DI: What is the main principle, idea and inspiration behind your design?
NP : The inspiration came from the works of David Roentgen, German cabinetmaker whose design innovation in the creation of ingenious pieces of mechanical furniture with secret drawers and compartments operated by hidden springs and levers made him renowned throughout the ruling houses of 18th century Europe.
DI: What has been your main focus in designing this work? Especially what did you want to achieve?
NP : The main focus in designing this work has been reinterpretation of historical reference in terms of current trends, needs, materials, and modern technologies.
DI: Why did you design this particular concept? Was this design commissioned or did you decide to pursuit an inspiration?
NP : This particular concept has been designed to pursuit an inspiration.
DI: Is your design being produced or used by another company, or do you plan to sell or lease the production rights or do you intent to produce your work yourself?
NP : I am planning to sell production rights for Roentgen nightstand.
DI: Who is the target customer for his design?
NP : The design is simple and can be performed in a wide range of color and material combinations to fit smoothly in any modern interior environment and equipped with the functionality that a contemporary user needs - wireless charger and drawer charging ports. It is available in both a right and a left configuration.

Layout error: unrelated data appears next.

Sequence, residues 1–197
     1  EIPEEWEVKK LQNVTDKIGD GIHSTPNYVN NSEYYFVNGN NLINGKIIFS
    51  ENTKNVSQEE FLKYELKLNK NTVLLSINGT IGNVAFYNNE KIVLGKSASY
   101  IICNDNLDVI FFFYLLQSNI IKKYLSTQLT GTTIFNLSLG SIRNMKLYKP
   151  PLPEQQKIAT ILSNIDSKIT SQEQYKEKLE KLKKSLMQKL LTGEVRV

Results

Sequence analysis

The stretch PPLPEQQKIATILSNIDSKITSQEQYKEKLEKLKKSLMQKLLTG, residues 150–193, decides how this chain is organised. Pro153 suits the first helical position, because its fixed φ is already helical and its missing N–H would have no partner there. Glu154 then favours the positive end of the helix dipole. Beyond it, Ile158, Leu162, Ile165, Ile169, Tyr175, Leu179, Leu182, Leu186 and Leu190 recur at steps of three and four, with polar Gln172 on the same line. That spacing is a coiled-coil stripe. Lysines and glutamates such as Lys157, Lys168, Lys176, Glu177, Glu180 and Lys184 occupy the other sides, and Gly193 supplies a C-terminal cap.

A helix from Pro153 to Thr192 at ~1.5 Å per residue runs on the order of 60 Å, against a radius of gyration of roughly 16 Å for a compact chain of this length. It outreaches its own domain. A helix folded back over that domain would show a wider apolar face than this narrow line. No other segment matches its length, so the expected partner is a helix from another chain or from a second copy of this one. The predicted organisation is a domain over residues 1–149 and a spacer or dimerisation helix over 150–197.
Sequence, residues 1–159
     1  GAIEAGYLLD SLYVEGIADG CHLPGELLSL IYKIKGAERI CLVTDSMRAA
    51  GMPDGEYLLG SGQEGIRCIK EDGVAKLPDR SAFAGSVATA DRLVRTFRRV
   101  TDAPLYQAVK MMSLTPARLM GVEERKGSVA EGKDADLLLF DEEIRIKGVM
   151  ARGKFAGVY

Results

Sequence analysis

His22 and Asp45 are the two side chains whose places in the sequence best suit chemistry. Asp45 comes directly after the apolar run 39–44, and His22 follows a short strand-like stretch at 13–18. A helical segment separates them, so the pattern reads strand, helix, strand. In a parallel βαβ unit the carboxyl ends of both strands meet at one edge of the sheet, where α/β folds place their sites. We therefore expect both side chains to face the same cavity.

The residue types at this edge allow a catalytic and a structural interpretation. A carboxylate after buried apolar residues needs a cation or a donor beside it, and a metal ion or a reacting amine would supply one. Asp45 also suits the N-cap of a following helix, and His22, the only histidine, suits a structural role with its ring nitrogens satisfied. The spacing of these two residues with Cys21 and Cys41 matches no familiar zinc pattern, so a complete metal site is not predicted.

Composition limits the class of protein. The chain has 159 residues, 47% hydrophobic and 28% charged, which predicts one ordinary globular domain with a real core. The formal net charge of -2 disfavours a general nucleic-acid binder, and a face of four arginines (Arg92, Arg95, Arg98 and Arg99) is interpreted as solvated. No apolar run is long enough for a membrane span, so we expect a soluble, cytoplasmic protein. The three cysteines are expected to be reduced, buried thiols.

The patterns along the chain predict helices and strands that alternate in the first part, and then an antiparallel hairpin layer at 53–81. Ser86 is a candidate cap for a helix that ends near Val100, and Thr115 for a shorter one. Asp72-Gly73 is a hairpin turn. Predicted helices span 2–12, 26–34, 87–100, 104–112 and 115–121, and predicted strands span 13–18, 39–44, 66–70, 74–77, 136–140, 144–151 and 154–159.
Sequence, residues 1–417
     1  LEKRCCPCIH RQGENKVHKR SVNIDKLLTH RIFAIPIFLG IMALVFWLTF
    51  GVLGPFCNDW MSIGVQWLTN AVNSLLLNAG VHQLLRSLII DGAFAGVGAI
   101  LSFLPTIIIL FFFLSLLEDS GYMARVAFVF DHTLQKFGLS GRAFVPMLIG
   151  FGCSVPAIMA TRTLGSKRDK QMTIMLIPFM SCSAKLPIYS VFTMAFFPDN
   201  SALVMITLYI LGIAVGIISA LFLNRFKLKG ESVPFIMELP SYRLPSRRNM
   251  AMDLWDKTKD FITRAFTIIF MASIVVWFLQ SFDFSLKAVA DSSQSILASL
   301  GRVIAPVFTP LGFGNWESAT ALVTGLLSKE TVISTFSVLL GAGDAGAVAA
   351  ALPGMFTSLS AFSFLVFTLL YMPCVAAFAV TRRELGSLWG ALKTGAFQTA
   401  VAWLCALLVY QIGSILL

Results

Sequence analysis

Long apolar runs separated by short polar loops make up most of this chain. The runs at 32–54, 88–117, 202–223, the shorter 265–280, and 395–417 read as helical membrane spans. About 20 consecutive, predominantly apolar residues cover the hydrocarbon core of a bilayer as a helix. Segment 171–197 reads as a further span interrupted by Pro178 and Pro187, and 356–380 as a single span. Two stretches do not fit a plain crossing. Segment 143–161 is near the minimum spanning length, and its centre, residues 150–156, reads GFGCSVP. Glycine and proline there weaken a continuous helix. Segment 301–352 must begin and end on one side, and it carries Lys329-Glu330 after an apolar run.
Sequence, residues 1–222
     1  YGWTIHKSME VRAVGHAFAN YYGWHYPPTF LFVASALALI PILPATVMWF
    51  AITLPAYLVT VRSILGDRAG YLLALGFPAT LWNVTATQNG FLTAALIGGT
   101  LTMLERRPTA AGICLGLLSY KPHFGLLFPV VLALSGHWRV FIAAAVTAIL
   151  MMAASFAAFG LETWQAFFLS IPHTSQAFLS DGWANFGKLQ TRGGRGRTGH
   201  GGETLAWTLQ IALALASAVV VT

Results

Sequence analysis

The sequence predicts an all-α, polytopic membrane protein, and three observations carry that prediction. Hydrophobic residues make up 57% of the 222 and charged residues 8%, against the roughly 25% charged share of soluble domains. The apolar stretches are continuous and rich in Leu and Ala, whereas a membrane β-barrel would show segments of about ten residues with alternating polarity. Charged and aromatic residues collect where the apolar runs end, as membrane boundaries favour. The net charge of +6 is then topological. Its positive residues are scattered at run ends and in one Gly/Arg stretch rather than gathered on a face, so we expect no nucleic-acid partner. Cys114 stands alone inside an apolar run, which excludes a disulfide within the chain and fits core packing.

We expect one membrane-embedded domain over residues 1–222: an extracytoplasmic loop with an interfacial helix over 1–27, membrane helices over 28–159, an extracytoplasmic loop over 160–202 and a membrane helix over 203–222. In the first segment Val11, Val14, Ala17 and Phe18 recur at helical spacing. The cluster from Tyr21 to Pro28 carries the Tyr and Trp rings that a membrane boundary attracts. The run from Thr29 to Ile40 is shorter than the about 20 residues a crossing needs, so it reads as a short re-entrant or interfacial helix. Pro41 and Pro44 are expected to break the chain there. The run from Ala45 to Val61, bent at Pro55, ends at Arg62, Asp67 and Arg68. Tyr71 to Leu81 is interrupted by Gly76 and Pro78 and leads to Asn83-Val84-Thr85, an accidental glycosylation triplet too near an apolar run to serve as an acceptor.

DI: What sets this design apart from other similar or resembling concepts?
NP : Roentgen nightstand involves the owner in the process of unlatching and expanding it outward into the room to access a set of hidden drawers, which offer additional useful storage space and protection for personal belongings.
DI: Which design tools did you use when you were working on this project?
NP : The model was built in SketchUp, rendering was made in SU Podium.
DI: Is your design influenced by data or analytical research in any way? What kind of research did you conduct for making this design?
NP : The project is a result of research on works of 18th century cabinetmakers adapted in terms of current trends and needs in the field of furniture production, technologies, and design.
DI: What are some of the challenges you faced during the design/realization of your concept?
NP : The challenge was to integrate the idea of having a secret set of drawers in the modern nightstand, but at the same time not to create a massive piece of furniture as it was in the 18th century, and to make a construction stable when it expands outward.